Phones using the new 3 GB LPDDR3 module will appear in the second half of 2013.
Samsung said on Tuesday night that it's the first company to mass produce 3 GB LPDDR3 mobile DRAM, the highest density mobile memory solution for next-generation smartphones. Given that the typical mainstream computer has 4 GB of RAM and a dual-core processor at the least, Samsung said offering 3 GB of RAM on a smartphone should help narrow the performance gap between the two form factors. Currently, the most RAM that's packed into a smartphone is 2 GB.
The new 3 GB module uses six of the industry’s smallest 20 nm class 4 Gb LPDDR3 chips (meaning a process technology node somewhere between 20 and 30 nm), in a symmetrical structure of two sets of three chips stacked in a single package only 0.8 millimeters high. The module is capable of data transfer speeds of up to 2,133 Mbps per pin, the company said.
The new 3 GB LPDDR3 DRAM module connects with a mobile SoC using two symmetrical data transfer channels, each connected to a 1.5 GB storage part. Samsung acknowledged that symmetrical data flow can cause "sharp" performance dips at certain settings, but the company claims its symmetrical structure avoids those issues while also maximizing system level performance.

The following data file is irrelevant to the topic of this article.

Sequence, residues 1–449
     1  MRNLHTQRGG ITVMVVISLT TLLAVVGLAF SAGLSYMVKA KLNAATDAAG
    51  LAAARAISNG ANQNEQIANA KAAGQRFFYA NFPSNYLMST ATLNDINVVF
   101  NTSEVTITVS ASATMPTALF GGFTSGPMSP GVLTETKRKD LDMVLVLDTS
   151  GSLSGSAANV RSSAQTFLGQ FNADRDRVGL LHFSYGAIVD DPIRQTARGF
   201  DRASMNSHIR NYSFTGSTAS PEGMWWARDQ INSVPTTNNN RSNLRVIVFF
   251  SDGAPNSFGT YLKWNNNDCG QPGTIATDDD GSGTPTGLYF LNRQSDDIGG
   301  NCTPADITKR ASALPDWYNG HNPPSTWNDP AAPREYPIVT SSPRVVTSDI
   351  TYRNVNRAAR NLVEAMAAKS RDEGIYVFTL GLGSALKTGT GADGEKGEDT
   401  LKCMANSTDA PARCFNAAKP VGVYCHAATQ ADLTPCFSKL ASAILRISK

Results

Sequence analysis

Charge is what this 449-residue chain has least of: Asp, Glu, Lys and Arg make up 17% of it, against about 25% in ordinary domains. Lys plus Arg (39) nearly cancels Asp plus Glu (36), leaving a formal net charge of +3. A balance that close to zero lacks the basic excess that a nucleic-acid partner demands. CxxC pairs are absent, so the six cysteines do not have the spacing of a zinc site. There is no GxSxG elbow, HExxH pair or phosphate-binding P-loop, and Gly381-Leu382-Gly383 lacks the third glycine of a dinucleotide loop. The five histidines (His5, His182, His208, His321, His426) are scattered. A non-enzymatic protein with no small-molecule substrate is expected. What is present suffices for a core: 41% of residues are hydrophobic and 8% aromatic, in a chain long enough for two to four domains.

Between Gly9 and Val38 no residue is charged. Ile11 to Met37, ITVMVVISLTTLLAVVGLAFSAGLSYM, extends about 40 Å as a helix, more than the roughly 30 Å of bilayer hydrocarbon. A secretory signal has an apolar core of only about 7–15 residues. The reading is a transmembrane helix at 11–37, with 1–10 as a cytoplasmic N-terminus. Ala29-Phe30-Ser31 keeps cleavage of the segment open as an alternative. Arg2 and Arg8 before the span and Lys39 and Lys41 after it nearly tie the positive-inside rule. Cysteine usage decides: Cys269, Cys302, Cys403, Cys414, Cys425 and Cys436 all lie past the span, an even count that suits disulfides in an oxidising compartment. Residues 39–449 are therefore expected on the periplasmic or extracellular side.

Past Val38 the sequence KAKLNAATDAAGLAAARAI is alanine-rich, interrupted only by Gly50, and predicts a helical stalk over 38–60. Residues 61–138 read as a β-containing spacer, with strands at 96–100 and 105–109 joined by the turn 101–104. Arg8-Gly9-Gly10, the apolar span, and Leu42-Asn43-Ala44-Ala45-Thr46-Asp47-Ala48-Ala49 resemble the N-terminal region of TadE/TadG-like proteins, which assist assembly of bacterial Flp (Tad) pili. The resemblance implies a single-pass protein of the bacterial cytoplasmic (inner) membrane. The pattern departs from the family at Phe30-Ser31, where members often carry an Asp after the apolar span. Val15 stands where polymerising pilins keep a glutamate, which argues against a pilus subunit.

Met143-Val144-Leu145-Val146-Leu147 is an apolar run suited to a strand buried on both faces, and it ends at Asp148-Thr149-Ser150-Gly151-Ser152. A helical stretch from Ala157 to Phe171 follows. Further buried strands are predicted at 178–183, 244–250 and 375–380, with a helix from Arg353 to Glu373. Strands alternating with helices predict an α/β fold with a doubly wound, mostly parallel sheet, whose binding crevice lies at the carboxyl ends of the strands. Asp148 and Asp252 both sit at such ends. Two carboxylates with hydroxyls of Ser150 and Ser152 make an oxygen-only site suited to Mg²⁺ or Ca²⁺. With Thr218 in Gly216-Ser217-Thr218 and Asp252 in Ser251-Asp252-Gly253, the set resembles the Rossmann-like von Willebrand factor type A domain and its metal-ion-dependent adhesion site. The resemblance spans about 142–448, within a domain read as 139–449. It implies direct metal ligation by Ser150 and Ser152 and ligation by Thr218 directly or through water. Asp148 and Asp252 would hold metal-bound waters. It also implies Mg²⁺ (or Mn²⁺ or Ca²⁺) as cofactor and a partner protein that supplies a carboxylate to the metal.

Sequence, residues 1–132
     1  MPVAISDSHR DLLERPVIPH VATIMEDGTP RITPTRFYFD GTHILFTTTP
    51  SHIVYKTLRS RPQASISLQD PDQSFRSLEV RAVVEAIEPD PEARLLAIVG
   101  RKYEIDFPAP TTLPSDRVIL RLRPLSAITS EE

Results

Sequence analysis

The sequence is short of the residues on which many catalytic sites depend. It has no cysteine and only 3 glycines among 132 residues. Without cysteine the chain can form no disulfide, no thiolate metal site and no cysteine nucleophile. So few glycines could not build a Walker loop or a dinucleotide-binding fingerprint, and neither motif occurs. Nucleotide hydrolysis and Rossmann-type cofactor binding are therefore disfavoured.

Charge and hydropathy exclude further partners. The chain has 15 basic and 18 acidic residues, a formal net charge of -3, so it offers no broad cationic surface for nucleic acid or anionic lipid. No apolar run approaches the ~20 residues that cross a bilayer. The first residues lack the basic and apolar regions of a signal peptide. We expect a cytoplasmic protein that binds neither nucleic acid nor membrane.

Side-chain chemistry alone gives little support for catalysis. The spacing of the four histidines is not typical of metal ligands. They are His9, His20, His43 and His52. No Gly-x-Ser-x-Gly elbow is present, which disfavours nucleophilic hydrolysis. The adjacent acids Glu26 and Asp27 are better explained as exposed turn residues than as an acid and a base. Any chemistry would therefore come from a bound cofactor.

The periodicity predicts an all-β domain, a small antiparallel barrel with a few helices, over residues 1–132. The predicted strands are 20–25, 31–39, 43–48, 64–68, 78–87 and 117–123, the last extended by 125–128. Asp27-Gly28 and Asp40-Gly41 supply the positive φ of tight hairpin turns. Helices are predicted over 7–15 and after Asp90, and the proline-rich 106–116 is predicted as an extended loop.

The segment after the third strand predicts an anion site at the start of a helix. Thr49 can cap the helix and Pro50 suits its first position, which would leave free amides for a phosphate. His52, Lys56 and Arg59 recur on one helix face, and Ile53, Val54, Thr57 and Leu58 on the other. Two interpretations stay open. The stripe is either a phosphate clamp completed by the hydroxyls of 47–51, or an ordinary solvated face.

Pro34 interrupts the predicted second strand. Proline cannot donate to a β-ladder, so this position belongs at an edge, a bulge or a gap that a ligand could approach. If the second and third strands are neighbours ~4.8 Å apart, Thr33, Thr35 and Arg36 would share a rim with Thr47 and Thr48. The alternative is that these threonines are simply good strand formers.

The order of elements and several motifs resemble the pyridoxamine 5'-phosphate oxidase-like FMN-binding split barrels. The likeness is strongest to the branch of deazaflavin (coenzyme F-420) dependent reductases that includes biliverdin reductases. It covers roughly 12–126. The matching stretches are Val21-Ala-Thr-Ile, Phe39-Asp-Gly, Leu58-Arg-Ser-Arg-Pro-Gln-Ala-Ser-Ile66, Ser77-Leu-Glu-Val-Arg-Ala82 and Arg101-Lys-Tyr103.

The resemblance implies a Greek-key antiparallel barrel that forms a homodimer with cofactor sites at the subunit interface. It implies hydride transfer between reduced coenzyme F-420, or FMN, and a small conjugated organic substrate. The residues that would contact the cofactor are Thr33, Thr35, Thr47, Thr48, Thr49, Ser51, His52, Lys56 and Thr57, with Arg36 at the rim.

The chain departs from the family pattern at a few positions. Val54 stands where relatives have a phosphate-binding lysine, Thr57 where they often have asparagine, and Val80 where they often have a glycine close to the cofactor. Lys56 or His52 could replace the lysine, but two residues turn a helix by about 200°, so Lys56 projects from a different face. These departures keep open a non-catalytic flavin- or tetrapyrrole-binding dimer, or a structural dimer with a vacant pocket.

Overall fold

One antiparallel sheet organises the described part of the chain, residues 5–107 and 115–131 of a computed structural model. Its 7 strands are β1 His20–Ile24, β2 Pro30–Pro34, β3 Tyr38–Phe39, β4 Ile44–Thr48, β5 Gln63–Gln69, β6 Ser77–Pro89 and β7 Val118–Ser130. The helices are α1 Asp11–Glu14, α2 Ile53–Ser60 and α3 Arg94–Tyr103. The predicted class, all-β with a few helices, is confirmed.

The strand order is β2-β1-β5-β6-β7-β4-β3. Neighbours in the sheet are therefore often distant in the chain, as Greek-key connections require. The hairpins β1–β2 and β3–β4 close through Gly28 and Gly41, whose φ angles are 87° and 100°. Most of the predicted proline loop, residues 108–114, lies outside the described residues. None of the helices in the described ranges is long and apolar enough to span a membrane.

"With a full line-up of package dimensions, Samsung’s new ultra-slim memory solutions will enable thinner smartphone designs and allow for additional battery space," the company said. "With the increased mobile DRAM capacity, users can enjoy seamless high-quality, Full HD video playback and faster multitasking on their smartphones. Also, the new LPDDR3 speeds up data downloading and is able to offer full support for LTE-A (LTE Advanced) service, a next-generation mobile telecommunication standard."
Samsung said that the new 3 GB module will be adopted in the most up-to-date smartphones starting in the second half of 2013, and expand into high-end smartphones worldwide throughout 2014. Meanwhile, Samsung is developing a new 3 GB LPDDR3 solution based on 6 Gb LPDDR3 chips by symmetrically stacking two chips on each side. This version will be made available to smartphone makers by the end of the year.